Parking on park 'thin end of wedge'

The ''jewel'' of Wanaka - Pembroke Park - should remain ''sacrosanct'' for future generations of residents, one of the objectors to proposed car parking on the reserve says.

Fr Brian Fenton, speaking for the Friends of Pembroke Park (FPP) group, told yesterday's Wanaka Community Board meeting the proposal to amend the park's management plan to allow for the creation of nose-in parking along the southern side of the reserve was ''but a further incursion into the park's integrity''.

He said the park had already been encroached on by the Dungarvon St car park and it must be safeguarded against any further intrusions.

''Once taken, it can never be returned, and the council, as elected representatives of the ratepayers, should be among the first to want to preserve the heritage of Pembroke Park, not wanting to cut sections off it.

''It's a further thin edge of the wedge. Where will it all stop?''

Fr Fenton suggested levying businesses to provide parking for customers and installing a sign on State Highway 6 at the Haast turn-off pointing to Riverbank Rd, so motorists travelling to Queenstown were deflected from the Wanaka CBD, thereby reducing traffic flow in Brownston St.

He said future development of a secondary town centre at Three Parks would also lessen the demand for parking in the CBD.

Fellow FPP member Loris King said the group had begun a ''crusade'' in 1973 to ensure Pembroke Park was retained in perpetuity as a recreation reserve.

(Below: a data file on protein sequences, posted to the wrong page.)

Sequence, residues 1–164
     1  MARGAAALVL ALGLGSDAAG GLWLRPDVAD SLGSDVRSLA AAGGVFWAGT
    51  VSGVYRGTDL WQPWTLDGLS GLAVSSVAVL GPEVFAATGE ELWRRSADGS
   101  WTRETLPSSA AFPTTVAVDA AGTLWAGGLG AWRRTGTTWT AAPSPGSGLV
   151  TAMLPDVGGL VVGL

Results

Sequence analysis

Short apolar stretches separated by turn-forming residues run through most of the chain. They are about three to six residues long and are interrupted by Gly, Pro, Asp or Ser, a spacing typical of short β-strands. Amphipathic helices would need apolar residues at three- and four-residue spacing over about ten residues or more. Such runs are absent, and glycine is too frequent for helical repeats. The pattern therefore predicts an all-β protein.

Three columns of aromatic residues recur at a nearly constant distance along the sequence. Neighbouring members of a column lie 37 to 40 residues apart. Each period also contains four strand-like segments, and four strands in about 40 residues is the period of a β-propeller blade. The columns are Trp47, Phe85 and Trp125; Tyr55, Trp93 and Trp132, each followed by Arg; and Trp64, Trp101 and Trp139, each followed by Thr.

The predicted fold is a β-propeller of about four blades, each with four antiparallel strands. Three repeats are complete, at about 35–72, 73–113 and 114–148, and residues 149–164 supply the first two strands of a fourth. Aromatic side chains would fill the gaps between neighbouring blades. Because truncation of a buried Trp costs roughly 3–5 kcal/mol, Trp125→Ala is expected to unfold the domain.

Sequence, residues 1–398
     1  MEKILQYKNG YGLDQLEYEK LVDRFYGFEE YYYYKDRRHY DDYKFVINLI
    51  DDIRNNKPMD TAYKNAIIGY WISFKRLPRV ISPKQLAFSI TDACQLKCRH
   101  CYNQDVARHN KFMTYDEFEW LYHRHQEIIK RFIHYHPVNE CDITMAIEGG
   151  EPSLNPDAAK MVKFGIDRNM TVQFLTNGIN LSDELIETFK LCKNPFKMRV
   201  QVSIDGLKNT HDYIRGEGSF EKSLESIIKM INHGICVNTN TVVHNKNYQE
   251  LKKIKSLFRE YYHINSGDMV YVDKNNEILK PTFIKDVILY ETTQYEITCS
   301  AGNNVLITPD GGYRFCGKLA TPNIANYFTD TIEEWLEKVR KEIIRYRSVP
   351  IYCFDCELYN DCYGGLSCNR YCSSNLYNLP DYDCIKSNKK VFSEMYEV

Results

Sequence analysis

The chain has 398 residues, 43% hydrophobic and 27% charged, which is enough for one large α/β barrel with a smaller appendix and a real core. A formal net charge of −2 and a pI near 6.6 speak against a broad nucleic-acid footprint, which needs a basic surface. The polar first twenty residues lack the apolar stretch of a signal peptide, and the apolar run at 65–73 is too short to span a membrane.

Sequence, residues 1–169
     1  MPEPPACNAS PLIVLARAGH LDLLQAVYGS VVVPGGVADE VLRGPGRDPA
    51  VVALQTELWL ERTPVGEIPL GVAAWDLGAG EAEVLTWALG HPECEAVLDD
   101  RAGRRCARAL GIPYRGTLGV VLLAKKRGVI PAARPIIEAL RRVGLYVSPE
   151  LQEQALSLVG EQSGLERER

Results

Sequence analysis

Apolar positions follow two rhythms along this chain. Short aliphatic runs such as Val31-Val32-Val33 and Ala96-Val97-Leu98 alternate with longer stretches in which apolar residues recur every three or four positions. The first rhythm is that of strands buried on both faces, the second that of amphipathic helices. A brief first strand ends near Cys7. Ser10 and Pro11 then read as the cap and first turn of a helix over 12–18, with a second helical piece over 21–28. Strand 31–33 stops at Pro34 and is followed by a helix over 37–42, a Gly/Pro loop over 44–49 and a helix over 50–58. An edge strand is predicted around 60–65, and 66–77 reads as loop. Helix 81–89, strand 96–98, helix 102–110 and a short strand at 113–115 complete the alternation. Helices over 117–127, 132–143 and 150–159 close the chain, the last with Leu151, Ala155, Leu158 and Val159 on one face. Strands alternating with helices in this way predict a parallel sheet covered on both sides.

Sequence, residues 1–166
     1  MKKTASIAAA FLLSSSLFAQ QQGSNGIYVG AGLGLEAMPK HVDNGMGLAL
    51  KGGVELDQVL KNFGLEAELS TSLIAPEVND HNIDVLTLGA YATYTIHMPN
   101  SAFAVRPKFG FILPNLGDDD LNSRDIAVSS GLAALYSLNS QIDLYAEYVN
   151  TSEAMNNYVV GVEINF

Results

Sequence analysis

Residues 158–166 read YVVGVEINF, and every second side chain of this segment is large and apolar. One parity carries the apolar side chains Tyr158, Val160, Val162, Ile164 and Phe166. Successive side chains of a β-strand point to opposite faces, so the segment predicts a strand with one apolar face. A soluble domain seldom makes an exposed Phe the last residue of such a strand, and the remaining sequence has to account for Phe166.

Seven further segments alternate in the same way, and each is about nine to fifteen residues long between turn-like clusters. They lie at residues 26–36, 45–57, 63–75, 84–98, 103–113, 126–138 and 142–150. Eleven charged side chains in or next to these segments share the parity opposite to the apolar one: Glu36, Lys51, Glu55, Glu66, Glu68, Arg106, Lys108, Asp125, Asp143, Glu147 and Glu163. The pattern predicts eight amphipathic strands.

''That was 40 years ago and I'm afraid it hasn't been completely successful, because here I am again today.''

She said the parcels of existing road reserve that the council would convert into parkland as part of the proposal were ''utterly useless'' as recreation reserve.

Wanaka Chamber of Commerce president Alistair King said the chamber's board supported the proposal. Traffic flow on Brownston St during busy holiday periods and large events was ''diabolical'' because of cars parking along the gravel on the side of the park and encroaching on the road, he told the meeting.

''On behalf of the visitors in town, we particularly want to see more parking in Wanaka, particularly on the outskirts of the CBD.''

Fr Fenton said Mr King's comments showed the proposed car parks were viewed as an extension of the all-day parking facilities in Dungarvon St for CBD users, rather than being solely for users of the park as stipulated under the Reserves Act.

Board chairman Lyal Cocks said the differing views on the proposal meant it was important the public was given an opportunity to make submissions.

He said a provision for developing a further 60 car parks and six bus parks at the McDougall St end of the park should be removed from the management plan, as that would be a ''huge incursion'' into the reserve and would affect the connection between the park and the showgrounds. However, the proposed Brownston St parking was a ''sensible, safe solution''. lucy.ibbotson@odt.co.nz